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More Details for 2007-06-22
STS-117 MCC Status Report #30

Space shuttle Atlantis returned home safely to the Mojave Desert following a 14-day, 5.8-million-mile mission to the International Space Station.

It was the 51st shuttle mission to end with a landing at the Edwards Air Force Base in California.

Atlantis touched down on concrete runway 22 at 2:49:38 p.m. concluding a 13 day, 20 hour, 12 minute flight. NASAís 747 Shuttle Carrier Aircraft will deliver Atlantis back to Florida in about a week so that it can be prepared for a December flight carrying the next laboratory module to the station on behalf of the European Space Agency.

The crew spent the morning in the worldís largest holding pattern as flight controllers kept a close eye on weather. Showers, thunderstorms and low clouds at Kennedy Space Center knocked Florida out of the running on both the first and second landing opportunities of the day, so flight controllers took their first chance at Edwards, where weather was pristine.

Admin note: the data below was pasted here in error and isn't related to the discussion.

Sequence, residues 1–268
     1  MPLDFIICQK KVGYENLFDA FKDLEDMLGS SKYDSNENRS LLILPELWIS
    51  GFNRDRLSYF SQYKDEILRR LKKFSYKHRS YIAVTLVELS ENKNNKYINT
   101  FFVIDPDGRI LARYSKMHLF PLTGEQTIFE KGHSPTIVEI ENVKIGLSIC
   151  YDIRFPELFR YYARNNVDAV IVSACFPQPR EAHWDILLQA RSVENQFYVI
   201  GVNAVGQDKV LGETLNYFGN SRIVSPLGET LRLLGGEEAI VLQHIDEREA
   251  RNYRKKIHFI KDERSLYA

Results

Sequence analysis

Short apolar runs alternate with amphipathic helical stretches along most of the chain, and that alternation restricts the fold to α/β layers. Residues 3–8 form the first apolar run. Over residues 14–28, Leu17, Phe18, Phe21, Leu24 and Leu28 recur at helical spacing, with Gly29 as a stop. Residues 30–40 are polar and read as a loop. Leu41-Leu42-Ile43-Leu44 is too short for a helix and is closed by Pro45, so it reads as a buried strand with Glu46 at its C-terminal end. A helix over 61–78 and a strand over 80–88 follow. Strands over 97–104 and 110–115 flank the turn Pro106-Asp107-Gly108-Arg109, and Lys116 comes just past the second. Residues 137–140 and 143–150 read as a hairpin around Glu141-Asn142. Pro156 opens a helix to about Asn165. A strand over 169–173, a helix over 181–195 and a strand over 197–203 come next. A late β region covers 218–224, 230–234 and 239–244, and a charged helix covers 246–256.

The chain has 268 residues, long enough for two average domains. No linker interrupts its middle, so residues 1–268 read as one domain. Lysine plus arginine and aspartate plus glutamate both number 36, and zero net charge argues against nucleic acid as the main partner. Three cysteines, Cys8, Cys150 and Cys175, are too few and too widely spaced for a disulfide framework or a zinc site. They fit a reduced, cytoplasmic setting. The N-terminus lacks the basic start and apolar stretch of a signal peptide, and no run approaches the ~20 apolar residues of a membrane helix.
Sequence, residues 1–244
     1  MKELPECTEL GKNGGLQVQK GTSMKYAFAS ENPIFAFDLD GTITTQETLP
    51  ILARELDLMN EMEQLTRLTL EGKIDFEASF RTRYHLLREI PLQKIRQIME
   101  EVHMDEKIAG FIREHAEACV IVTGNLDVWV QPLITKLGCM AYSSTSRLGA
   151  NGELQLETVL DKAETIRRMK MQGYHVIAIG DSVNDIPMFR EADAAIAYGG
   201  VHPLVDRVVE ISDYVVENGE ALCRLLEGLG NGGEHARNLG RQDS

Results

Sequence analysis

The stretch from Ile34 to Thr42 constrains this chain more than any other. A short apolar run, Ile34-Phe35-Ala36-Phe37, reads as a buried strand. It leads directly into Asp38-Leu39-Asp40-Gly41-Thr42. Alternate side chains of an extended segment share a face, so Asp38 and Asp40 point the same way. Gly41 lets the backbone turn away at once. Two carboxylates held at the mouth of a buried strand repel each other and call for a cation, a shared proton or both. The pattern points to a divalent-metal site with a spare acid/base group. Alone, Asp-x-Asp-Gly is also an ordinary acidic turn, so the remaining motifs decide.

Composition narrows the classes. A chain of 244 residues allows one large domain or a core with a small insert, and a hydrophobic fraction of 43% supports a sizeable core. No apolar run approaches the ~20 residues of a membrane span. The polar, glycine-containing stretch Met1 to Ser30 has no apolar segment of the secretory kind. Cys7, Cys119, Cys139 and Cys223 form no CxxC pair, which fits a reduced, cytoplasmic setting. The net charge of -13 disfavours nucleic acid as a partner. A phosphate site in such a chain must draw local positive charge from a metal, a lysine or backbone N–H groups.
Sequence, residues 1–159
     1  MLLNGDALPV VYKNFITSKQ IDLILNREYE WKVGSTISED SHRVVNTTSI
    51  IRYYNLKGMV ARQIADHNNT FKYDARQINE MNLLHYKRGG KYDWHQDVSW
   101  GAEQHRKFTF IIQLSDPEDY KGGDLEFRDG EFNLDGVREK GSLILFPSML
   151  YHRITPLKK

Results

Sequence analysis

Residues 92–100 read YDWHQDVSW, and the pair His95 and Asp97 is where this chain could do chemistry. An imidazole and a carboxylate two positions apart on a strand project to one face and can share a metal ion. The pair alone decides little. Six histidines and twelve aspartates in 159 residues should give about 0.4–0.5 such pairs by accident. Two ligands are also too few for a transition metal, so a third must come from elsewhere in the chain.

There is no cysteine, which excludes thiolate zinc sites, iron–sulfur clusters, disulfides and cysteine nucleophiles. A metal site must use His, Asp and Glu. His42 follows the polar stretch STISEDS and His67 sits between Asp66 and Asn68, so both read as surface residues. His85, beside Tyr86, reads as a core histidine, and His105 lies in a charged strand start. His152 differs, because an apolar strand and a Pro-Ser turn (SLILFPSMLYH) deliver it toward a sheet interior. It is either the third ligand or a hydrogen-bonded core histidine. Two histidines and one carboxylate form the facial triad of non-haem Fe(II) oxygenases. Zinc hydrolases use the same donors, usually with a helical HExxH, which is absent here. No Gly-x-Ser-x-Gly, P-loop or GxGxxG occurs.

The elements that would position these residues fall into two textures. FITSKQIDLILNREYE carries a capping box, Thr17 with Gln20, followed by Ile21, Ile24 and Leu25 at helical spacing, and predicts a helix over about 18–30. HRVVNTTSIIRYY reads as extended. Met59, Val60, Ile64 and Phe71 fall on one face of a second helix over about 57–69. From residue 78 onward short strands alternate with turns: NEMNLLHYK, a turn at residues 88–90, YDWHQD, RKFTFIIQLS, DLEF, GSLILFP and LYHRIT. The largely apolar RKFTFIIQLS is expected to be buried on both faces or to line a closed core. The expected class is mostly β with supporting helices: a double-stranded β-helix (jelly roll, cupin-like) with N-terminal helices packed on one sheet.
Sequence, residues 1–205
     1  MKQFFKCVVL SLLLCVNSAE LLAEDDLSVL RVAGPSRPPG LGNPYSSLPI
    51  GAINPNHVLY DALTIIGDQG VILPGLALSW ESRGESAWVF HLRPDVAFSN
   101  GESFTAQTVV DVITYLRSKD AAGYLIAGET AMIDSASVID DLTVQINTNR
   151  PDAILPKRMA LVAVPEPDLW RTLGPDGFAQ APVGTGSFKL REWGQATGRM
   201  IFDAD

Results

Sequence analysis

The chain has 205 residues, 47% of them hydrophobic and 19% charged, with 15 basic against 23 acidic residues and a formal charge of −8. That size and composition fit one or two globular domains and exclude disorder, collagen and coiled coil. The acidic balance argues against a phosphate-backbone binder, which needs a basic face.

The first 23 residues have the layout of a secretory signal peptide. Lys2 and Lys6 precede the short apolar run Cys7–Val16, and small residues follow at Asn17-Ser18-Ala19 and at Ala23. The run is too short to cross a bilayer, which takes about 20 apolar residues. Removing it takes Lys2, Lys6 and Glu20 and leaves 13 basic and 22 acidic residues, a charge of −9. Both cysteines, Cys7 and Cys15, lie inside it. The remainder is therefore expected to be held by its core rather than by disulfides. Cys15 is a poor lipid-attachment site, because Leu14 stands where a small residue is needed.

Atlantis crew members, Commander Rick Sturckow, Pilot Lee Archambault, and Mission Specialists Patrick Forrester, Steven Swanson, Danny Olivas, Jim Reilly and Sunita Williams, who is returning home after 194 days, 18 hours, 58 minutes in space, will return to Houston on Saturday. A welcoming ceremony for the crew's return to Houston is planned for 4:15 p.m. Saturday at NASA Hangar 276 at Ellington Field.

During Atlantisí mission to the International Space Station, the crew performed four spacewalks during which they worked with the station crew to build the station into a near-symmetrical configuration, adding a new starboard truss segment and solar array pair, while folding another array in preparation for its relocation later this year.

Atlantis also delivered Clay Anderson, the stationís newest flight engineer, who will spend the next six months living and working on the station.

The next shuttle mission, targeted for early August, will see the return to flight of space shuttle Endeavour to deliver another segment of the stationís truss and 5,000 pounds of food, clothing, supplies and spare parts. Endeavourís last mission was in December 2002.

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